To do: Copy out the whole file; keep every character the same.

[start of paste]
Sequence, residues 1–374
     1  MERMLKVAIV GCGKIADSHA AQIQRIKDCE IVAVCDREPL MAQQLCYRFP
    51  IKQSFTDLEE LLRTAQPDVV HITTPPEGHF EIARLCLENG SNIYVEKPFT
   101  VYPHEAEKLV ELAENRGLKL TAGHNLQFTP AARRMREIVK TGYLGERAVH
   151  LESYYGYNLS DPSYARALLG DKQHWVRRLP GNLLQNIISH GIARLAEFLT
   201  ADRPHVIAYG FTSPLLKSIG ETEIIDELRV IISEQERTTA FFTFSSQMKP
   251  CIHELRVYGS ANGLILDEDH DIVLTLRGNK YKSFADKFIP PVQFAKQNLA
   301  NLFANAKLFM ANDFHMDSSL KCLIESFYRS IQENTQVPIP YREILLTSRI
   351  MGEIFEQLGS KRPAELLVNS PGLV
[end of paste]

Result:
Sequence, residues 1–374
     1  MERMLKVAIV GCGKIADSHA AQIQRIKDCE IVAVCDREPL MAQQLCYRFP
    51  IKQSFTDLEE LLRTAQPDVV HITTPPEGHF EIARLCLENG SNIYVEKPFT
   101  VYPHEAEKLV ELAENRGLKL TAGHNLQFTP AARRMREIVK TGYLGERAVH
   151  LESYYGYNLS DPSYARALLG DKQHWVRRLP GNLLQNIISH GIARLAEFLT
   201  ADRPHVIAYG FTSPLLKSIG ETEIIDELRV IISEQERTTA FFTFSSQMKP
   251  CIHELRVYGS ANGLILDEDH DIVLTLRGNK YKSFADKFIP PVQFAKQNLA
   301  NLFANAKLFM ANDFHMDSSL KCLIESFYRS IQENTQVPIP YREILLTSRI
   351  MGEIFEQLGS KRPAELLVNS PGLV